Migraine Headaches

By Carol A. Lampman

A migraine is a throbbing or pulsating headache that is often one sided (unilateral) and associated with nausea; vomiting; sensitivity to light, sound, and smells; sleep disruption; and depression. Attacks are often recurrent and tend to become less severe as the migraine sufferer ages.

Some of you might remember it was my personal problem with migraines that started me on this journey. The search for permanent relief could only come from addressing the cause and not just the symptoms of my recurring pain. It was this quest that ultimately led me to an intensely personal and life changing exploration of the body mind. Through the connection to the breath, I became aware of deeply held emotions and a mountain of energy trapped in my physical body. The results of the twists and turns on the winding road to healing became the foundation for the modality called The Integration Process.

Doctors think migraines may be caused by a chemical or electrical problem in certain parts of the brain. According to theory, the nervous system responds to a trigger such as stress by creating spasms in the arteries at the base of the brain. The spasms constrict several arteries supplying blood to the brain, including arteries from the scalp and neck. As these arteries constrict, the flow of blood to the brain is reduced. At the same time, platelets clump together and release a chemical called serotonin. Serotonin acts as a powerful constrictor of arteries, further reducing blood and oxygen supply to the brain. In reaction to the reduced oxygen supply, certain arteries within the brain dilate to meet the brain’s energy needs. This dilation spreads, finally affecting neck and scalp arteries. It is believed this dilation causes the pain related to the migraine.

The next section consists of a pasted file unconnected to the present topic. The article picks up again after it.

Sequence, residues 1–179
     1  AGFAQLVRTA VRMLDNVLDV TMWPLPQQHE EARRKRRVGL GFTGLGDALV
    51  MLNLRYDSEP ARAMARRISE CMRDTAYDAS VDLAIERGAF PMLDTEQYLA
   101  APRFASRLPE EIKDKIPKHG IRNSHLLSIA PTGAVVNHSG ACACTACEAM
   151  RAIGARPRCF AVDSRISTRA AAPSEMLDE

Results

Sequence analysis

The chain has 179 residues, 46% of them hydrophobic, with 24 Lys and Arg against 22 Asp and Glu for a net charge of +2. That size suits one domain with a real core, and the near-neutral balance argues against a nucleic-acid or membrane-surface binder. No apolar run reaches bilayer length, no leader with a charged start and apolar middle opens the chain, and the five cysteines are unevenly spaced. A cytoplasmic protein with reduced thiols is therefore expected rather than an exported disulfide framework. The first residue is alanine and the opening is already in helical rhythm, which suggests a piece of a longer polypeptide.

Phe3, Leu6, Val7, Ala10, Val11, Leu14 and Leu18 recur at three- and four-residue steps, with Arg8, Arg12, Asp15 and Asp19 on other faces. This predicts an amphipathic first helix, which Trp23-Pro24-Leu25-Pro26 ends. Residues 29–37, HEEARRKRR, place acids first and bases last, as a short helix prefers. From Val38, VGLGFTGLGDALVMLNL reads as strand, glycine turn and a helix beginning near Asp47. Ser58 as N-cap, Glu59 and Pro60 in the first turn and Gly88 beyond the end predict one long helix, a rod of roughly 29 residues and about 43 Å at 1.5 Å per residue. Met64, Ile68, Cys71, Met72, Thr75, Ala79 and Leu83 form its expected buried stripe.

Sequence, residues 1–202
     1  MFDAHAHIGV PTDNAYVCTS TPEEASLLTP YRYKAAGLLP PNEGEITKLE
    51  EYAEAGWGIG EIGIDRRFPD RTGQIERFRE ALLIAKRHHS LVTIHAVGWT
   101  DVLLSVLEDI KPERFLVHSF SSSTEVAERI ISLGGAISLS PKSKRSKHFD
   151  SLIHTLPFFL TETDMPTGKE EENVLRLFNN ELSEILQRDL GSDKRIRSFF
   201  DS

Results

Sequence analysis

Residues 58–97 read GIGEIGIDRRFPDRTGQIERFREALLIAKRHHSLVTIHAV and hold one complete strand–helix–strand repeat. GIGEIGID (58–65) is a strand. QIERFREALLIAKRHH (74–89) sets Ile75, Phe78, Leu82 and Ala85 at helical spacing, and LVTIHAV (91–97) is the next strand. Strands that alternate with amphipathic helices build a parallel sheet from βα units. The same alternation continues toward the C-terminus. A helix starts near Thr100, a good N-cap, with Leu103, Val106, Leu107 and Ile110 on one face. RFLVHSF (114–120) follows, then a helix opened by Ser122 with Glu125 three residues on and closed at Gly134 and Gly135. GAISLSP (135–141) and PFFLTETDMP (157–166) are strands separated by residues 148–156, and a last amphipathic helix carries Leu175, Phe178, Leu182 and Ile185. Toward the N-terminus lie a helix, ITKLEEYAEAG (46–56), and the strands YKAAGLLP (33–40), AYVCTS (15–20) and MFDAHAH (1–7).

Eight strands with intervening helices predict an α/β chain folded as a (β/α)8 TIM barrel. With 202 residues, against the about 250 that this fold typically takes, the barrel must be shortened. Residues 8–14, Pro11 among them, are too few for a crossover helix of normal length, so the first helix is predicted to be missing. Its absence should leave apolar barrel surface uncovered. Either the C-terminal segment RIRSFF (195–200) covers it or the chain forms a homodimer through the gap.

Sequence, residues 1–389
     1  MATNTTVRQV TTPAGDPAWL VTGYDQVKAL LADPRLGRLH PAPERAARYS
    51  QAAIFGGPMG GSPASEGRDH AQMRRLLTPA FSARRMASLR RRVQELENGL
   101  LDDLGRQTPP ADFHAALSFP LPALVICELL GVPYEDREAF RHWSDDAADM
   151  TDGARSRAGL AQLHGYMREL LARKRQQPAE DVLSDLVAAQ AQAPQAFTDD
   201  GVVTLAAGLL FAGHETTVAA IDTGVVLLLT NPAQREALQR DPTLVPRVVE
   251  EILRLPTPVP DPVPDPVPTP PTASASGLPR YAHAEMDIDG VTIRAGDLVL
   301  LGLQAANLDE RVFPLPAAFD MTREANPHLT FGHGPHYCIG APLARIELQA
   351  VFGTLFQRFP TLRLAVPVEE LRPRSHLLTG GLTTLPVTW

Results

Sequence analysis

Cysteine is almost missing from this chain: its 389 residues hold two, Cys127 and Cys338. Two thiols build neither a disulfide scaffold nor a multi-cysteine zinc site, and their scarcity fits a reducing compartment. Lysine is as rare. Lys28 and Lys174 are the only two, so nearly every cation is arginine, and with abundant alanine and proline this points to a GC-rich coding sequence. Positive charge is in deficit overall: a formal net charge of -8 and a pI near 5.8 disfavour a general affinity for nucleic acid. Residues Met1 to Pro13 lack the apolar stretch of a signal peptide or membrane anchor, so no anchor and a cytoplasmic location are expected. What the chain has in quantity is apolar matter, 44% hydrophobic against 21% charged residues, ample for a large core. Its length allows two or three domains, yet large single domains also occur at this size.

While there are many forms of migraine headaches, classic and common are the two major varieties. The basic difference between the two types of migraine is the appearance of an “aura.” The aura is the occurrence of neurological symptoms 10-30 minutes before the classic migraine attack. You may see flashing lights, zigzag lines or temporarily lose vision. Other symptoms of classic migraine include difficulty with speech, confusion, weakness of an arm or leg and tingling of face or hands.

The pain of a classic migraine headache is described as an intense throbbing or pounding felt in the forehead/temple, ear/jaw or around the eyes. Classic migraines start on one side of the head but can eventually spread to the other side. An attack may last one to two painful days.

The common migraine – a term that reflects the disorder’s more frequent occurrence in the general population – is not preceded by an aura. Some people do experience a variety of vague symptoms before common migraines – mental fuzziness, mood changes, fatigue, and fluid retention. During the headache phase of a common migraine, there may be abdominal pain and diarrhea, increased urination, nausea and vomiting. Both classic and common migraines can strike as often as several times a week or rarely as once every few years.